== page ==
Franklin Pierce farm feeds young minds, along with the wider community

The winter rain has stopped for the moment. But it’s left its mark, as students from Ford Middle School will soon learn.

They fan out across saturated rows of cabbage planted in a farm field near Midland. One boy’s boot becomes mired in the mud and he needs help to pull free.

Their assignment: sketch a leaf and answer questions about plant habitats.

A girl stops to explain the leafy sketch she’s making: “It’s like — the veins and stuff.”

“This is not a test of your artistic skills,” teacher Matt Price reminds the eighth-graders. “It’s a test of your powers of observation.”

The garden plot the students are exploring is owned and operated by the Franklin Pierce School District, which bought the property in 1970 for $44,000.

Over the years, the property at 96th Street East and Waller Road has been used for a variety of district programs, sometimes suffering from benign neglect.

In the past few years, it’s undergone a renaissance, coming into its own as a producer of food and education. A little over an acre of the roughly 10-acre property is cultivated.

“This is our fourth or fifth year of working it and trying to bring it back,” says Sly Boskovich, director of college and career readiness programs for the 7,700-student district.

Students from Ford earn science credits at the farm, while students from the district’s GATES (Greater Alternatives to Educating Students) alternative high school can earn science and career and technical education credits through the farm program.

Ask students what they like about the farm, and they say they enjoy being outside and doing hands-on projects.

GATES student Alejandro Ortega said that when he was making up his class schedule, he sought out the farm.

“I asked for a class that didn’t have computers in it,” he said.

GATES classmate Liz Strong loves science and gardening, so the class is a perfect fit for her.

“I like going outside and gardening,” said Strong, who cultivates a tabletop bonsai garden at home. “This stuff really interests me.”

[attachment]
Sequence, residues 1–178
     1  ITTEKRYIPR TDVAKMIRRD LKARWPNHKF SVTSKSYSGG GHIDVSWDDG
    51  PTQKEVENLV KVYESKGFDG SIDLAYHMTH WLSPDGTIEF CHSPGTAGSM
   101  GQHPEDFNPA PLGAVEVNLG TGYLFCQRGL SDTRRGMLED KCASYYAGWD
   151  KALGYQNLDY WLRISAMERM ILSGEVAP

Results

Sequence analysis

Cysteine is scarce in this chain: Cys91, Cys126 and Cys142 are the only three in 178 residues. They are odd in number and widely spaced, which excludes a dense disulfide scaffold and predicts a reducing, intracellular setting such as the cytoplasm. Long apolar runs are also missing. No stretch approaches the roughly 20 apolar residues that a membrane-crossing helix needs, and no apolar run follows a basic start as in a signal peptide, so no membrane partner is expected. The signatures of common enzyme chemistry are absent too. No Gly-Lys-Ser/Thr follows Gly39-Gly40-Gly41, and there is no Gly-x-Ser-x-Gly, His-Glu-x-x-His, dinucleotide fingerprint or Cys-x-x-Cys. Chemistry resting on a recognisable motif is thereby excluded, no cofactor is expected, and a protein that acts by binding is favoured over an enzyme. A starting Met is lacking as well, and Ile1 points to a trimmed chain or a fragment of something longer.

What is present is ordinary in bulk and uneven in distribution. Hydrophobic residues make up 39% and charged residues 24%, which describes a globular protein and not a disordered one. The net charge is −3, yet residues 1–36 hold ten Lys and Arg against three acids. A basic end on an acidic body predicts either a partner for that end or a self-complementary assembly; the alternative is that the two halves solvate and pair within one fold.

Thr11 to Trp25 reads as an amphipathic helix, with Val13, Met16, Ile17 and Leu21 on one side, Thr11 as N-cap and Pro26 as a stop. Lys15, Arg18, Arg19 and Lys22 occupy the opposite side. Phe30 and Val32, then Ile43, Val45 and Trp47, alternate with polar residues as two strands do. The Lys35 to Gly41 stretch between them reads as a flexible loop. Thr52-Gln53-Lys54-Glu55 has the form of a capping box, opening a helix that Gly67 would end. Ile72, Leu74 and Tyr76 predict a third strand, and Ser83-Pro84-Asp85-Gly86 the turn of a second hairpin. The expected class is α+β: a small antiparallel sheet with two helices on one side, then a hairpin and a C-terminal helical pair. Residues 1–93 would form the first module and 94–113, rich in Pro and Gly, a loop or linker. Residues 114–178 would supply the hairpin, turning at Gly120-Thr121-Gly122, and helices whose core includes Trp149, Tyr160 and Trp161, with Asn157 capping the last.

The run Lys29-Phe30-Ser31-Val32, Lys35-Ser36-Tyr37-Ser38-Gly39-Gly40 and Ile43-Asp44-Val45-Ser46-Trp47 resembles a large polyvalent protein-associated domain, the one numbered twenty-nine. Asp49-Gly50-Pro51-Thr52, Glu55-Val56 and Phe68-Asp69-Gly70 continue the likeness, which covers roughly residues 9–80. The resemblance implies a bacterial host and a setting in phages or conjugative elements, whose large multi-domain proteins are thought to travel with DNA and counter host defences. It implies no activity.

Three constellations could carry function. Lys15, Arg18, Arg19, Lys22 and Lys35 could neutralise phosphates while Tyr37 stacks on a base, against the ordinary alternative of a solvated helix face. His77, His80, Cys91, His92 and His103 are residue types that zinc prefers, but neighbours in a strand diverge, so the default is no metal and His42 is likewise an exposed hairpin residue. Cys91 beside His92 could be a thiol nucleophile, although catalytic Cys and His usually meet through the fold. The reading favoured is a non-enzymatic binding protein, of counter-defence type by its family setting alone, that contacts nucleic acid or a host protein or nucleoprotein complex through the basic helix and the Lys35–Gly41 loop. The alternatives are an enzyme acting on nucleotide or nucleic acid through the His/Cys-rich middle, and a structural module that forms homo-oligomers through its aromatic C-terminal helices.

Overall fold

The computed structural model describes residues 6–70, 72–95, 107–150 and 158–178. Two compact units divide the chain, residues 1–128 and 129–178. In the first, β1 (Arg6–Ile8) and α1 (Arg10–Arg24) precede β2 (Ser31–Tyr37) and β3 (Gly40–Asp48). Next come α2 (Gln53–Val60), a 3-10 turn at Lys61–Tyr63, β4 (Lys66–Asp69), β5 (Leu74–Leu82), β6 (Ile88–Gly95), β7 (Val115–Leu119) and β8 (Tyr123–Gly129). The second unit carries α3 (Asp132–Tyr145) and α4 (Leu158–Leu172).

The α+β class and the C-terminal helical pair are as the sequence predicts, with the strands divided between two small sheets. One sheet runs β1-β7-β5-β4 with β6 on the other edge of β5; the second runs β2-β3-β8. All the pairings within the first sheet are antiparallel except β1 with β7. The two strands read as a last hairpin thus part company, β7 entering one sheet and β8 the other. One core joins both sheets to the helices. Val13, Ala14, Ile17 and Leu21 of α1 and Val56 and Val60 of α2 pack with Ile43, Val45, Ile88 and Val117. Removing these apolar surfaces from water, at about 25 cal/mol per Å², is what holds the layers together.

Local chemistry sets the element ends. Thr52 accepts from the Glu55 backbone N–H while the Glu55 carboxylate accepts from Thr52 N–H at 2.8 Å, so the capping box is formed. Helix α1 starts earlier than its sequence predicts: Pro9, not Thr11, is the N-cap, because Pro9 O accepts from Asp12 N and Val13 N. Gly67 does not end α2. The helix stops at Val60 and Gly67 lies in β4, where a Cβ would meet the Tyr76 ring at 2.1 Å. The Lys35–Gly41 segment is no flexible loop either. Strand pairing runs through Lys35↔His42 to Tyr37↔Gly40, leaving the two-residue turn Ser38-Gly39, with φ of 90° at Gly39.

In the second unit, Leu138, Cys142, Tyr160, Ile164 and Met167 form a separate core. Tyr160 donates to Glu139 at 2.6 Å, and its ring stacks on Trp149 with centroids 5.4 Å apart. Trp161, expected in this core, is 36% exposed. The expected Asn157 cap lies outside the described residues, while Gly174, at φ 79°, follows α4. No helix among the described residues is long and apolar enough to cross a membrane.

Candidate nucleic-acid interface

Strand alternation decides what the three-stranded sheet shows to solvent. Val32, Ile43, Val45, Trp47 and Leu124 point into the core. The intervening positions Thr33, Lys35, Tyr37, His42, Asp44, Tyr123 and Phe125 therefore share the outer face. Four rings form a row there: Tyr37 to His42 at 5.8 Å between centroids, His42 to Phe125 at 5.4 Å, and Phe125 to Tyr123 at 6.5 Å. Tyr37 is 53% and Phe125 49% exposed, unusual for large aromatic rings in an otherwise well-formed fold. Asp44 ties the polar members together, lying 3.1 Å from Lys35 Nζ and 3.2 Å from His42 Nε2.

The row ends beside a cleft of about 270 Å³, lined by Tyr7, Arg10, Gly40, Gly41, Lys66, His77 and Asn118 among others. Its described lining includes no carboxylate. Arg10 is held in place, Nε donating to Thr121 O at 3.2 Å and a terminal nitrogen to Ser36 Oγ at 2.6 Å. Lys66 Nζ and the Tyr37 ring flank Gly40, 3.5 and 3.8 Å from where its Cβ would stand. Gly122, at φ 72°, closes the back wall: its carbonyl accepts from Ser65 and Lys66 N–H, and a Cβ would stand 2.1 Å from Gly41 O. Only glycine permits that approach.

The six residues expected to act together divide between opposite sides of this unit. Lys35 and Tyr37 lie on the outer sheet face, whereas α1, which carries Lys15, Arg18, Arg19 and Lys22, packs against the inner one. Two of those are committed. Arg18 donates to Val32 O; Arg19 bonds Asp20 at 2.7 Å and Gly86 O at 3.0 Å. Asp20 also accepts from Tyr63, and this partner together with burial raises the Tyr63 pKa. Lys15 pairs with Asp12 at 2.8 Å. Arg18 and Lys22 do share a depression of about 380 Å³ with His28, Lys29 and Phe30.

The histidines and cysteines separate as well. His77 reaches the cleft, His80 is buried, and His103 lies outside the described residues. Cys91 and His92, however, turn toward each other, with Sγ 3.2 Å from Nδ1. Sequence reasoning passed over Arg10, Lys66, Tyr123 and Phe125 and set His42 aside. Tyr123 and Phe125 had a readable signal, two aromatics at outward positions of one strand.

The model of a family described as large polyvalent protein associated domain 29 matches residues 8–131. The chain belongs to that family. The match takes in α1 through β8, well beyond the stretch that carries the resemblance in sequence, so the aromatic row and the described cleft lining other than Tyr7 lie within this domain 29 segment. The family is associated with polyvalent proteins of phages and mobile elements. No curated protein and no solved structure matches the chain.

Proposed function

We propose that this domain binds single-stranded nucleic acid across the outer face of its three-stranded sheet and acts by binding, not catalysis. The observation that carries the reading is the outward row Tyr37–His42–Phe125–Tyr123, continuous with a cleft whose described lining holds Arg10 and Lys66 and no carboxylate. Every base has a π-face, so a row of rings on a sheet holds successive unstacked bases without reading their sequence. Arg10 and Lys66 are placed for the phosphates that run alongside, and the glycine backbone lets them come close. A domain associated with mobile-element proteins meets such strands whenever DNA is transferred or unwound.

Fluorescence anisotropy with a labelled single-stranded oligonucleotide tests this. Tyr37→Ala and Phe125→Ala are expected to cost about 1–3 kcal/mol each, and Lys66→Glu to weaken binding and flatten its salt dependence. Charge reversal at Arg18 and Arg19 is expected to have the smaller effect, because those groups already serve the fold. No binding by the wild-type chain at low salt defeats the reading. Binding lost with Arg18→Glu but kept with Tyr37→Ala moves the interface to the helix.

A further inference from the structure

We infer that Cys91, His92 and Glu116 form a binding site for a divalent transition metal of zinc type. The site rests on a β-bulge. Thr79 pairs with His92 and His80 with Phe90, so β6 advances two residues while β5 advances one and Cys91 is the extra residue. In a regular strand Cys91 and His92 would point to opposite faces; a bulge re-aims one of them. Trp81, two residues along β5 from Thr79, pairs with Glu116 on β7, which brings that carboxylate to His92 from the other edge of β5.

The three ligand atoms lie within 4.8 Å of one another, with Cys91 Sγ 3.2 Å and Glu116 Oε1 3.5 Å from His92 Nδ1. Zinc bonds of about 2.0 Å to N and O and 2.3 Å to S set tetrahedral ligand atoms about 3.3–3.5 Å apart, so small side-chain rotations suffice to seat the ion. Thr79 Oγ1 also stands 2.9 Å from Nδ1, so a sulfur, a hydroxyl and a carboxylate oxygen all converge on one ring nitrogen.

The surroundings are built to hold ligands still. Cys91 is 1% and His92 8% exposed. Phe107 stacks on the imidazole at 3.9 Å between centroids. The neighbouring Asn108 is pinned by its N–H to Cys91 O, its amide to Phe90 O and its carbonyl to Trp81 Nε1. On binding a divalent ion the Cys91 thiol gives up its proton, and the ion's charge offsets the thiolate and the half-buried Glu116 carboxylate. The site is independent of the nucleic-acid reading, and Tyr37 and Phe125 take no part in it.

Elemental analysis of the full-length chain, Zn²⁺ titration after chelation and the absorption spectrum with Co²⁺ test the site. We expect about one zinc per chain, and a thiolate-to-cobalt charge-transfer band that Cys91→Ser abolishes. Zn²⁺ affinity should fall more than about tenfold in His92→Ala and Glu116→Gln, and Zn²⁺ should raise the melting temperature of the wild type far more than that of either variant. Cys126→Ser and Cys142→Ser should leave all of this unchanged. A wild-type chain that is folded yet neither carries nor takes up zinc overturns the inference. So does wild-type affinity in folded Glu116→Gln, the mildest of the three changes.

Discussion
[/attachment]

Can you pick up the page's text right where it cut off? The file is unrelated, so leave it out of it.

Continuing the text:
Students from several of the district’s elementary schools visit the farm, where they learn to plant crops. At harvest time, there’s a big payoff: Some of the produce shows up on their school lunch trays.

The farm produces a variety of foods: cherry tomatoes, apples, carrots, salad greens, beets and more.

Lisa Chatterton, director of nutritional services for the district, said she’s eager to use whatever fresh food the farm can provide.

If it’s food the kids helped cultivate, that’s a bonus.

“We try to let them know that, ‘These are farm potatoes,’ ” she said.

Chatterton said the farm operators let her know when crops are ready to be harvested, so she can adjust what she orders from outside vendors.

“The farm can’t give us everything, but it can make a dent,” she said.

Food produced on the farm also helps feed the community.

A collaboration between the school district and Harvest Pierce County lets community members volunteer on the farm in exchange for a share of the produce. They also learn about sustainable agricultural practices.

Food produced at the farm also goes to local food banks and a senior citizens lunch program.

Price, who previously worked for the Pierce County Conservation District, is in his second year of teaching at the farm.

“It’s such a unique property and unique opportunity,” he said. “It felt like a once-in-a-lifetime thing.”

Price said his goal is not to turn every kid who enrolls in his classes into a farmer.

“The farm is a case study where a lot of things can meet,” he said.

It’s a living laboratory, with lessons to teach about everything from economics to ecosystems to earth science.

“We’re teaching environmental science through agriculture,” he said. “It’s the scientific method on a large scale.”

Debbie Cafazzo: 253-597-8635, @DebbieCafazzo

Franklin Pierce Farm’s 2016 season


Pounds of fresh fruits and vegetables shared with food banks and school district cafeterias


Number of students visiting the farm daily


Grant money received through the Dropout Reduction Through Agriculture Grant and the Healthy Kids Grant. Money was used to remodel a barn, install a washing station and walk-in cooler, upgrade and repair a greenhouse, purchase rain gear, boots and tools for students and more


Number of volunteer hours donated over the February-November season

Related stories from Tacoma News Tribune